• "Organize by grassroots effort, not tied to the evil tobacco empire, to boycott restaurants and bars if and when the ban goes into effect. This will put restaurants and other owners on our side in fighting the ban."
  • "Develop our integrity. 435,000 people did NOT die. Nicotine NOT addictive," and
  • "Incite smoker rebellion...Stimulate smokers to scream bloody murder."

Participants suggested popular-culture vehicles to deliver pro-tobacco messages like country songs, jokes, cartoons and full-age ads in USA Today. Suggested messengers included Rush Limbaugh (pro-tobacco, conservative radio talk show host) and respected CBS news correspondent Charles Kuralt.

For the question, "List some things we should stop doing," participants answered

  • "Sitting still and not fighting back. Sue. Sue. Sue."
  • "Relying on 'Behind the Scenes' methods," and
  • "Pretending that it's not the issue that could kill our industry."

Miscellaneous ideas floated included "...making the other side seem ridiculous," "We've got to create fear of loss of liberty" and "Make sure smokers and nonsmokers know that there are benefits associated with smoking..." and even pushing fake legislation:

  • "Get other industries involved (e.g. alcohol). Is there a U.S. Congressman who would be willing or have the capability of going after alcohol (e.g. wine in Waxman's home state?) Hearings could be held [to show] how ludicrous the regulators and anti's are. Turn the tables on them..."

One of the last lines in the document urges, "Don't stop until the war is over."[10]

Philip Morris

A one-page, 1988 Philip Morris matrix/chart lists "to-do"-type tasks for the company to address secondhand smoke issues in Europe. Tasks listed include "Restore Smoker Confidence," "Reverse Health Perception," "Establish/Maintain/Exploit Smoker Clubs," "Resist Smoking Restriction" and others. Check boxes are provided for the countries of Austria, Belgium, France, Germany, Holland, Italy, United Kingdom, Switzerland, Saudi Arabia, Kuwait GCC [Gulf Council Countries], Turkey, Finland, Sweden, Norway, and Denmark. The chart was an attachment to a larger Philip Morris document called "ETS Plan for Europe" dated August 9, 1988, which can be seen here.[11]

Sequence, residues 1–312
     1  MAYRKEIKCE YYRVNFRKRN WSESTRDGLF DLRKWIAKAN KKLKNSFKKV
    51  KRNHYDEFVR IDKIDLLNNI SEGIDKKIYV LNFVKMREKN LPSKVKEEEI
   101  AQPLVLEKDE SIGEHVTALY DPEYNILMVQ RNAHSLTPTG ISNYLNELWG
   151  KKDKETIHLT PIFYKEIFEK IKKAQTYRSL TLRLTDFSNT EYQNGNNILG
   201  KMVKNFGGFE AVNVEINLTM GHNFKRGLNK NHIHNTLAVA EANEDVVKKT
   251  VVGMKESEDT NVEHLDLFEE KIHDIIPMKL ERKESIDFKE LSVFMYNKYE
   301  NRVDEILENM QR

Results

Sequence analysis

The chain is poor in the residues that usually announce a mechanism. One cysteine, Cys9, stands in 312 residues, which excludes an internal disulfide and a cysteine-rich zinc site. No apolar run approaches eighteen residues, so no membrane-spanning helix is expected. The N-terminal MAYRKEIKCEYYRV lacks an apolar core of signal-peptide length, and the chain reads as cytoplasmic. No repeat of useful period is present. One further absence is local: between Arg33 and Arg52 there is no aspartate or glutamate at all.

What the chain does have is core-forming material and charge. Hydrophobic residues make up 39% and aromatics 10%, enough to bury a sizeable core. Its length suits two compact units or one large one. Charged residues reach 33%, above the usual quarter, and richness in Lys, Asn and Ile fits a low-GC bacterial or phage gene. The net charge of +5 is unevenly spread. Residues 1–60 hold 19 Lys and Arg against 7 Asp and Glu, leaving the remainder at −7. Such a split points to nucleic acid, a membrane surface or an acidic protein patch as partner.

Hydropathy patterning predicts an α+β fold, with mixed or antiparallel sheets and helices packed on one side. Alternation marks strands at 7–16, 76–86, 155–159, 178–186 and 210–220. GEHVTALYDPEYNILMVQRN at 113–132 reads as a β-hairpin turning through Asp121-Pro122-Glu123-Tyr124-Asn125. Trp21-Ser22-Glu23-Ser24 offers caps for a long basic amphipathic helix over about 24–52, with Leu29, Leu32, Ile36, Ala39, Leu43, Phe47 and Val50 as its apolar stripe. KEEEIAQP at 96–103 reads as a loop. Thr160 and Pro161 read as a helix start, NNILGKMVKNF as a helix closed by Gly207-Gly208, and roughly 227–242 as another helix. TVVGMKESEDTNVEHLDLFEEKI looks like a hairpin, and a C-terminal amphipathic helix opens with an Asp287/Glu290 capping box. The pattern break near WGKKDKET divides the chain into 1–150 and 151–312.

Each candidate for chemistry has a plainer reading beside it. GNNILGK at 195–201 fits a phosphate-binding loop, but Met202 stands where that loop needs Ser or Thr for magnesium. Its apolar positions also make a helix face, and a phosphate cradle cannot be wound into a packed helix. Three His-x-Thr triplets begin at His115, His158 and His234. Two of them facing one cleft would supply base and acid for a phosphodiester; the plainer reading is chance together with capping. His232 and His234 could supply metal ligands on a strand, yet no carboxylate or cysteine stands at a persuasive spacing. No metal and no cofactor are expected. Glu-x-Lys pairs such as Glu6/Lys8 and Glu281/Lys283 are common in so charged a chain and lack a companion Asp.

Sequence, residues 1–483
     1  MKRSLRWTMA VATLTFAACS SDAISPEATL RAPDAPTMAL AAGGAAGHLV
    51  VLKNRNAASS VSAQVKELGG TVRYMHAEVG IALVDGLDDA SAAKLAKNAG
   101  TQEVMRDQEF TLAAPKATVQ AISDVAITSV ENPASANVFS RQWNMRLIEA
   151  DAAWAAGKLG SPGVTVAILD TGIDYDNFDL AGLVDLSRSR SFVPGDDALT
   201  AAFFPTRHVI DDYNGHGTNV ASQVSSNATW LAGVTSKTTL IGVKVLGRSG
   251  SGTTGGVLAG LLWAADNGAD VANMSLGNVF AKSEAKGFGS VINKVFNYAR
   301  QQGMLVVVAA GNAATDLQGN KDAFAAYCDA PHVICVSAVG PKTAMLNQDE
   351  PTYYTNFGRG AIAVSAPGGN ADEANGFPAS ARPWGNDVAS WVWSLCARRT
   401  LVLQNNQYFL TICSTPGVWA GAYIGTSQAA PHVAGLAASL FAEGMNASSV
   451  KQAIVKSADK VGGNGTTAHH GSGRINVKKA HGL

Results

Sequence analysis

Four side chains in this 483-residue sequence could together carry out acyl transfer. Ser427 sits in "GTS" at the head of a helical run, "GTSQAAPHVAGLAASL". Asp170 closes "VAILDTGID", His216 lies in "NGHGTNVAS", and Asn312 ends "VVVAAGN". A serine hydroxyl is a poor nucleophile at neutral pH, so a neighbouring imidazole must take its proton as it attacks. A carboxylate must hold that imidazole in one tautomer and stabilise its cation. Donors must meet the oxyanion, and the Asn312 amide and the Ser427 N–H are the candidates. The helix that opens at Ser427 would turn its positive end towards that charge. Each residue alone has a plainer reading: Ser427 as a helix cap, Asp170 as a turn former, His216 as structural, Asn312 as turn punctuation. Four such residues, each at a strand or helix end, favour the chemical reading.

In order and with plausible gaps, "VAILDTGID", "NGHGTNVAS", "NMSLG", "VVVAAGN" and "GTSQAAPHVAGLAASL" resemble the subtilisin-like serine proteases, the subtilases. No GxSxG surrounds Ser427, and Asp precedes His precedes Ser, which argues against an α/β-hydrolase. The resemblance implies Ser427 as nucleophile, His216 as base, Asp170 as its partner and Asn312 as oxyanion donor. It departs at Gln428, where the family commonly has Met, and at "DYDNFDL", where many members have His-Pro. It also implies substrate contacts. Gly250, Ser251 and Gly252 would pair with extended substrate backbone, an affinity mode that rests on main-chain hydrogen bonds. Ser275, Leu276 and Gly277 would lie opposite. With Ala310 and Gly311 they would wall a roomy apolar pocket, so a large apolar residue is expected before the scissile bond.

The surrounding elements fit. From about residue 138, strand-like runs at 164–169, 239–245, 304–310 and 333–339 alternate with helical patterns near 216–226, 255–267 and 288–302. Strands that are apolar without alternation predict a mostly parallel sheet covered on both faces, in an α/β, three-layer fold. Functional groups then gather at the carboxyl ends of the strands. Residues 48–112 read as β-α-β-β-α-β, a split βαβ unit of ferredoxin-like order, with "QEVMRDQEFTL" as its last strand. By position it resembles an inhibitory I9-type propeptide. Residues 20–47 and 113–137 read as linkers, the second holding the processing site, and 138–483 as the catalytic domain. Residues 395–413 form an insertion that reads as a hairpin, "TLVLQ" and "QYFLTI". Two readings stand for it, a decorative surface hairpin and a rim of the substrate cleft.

SourceWatch Resources

Tobacco industry projects dealing with secondhand smoke:

Additional information:

External links

General Information

References

  1. American Cancer Society Prevention and Early Detection: Secondhand Smoke, accessed January 9, 2009. Last medical review/revision October 15, 2008.
  2. U.S. Department of Health and Human Services The Health Consequences of Involuntary Exposure to Tobacco Smoke: A Report of the Surgeon General, U.S. Department of Health and Human Services; Secondhand Smoke Is Toxic and Poisonous Last revised January 4, 2007. Accessed January 9, 2009
  3. U.S. Environmental Protection Agency The Respiratory Health Effects of Passive Smoking, December, 192
  4. Otsuka R., Watanabe H., Hirata K., Tokai K., Muro T., Yoshiyama M., Takeuchi K., Yoshikawa J. Acute effects of passive smoking on the coronary circulation in healthy young adults. Journal of the American Medical Association, 2001 Jul 25;286(4):436-41
  5. Peter H. Whincup, Julie A. Gilg, Jonathan R. Emberson, Martin J. Jarvis, Colin Feyerabend, Andrew Bryant, Mary Walker, and Derek G. Cook Passive smoking increases the risk of heart disease BMJ 2004 329: 200-205
  6. S. Schick, S. Glantz, Center for Tobacco Control Research and Education, University of California San Francisco Philip Morris toxicological experiments with fresh sidestream smoke: more toxic than mainstream smoke Tobacco Control 2005;14:396-404
  7. Philip Morris R582 Argument for Biological Plausibility Estimated date 1993, Bates No. 2074443780
  8. D.J. Doolittle, R.J. Reynolds Comments on Biological Plausibility Model for ETS Risk Assessment Letter August 1, 1990. August 1, 1990. Bates No. 509609589/9590
  9. Philip Morris. Biological Plausibility Estimated date 1991. Bates No. 2024230220/0222
  10. R.J. Reynolds Blue Slips & Secondhand Smoke Report.15 pp. 1994. Bates No.512046751/6765
  11. Philip Morris Overall Plan Matrix Chart. August 9, 1988. 1 pp. Bates No. 2501046475. Master Bates No.2501046474/6492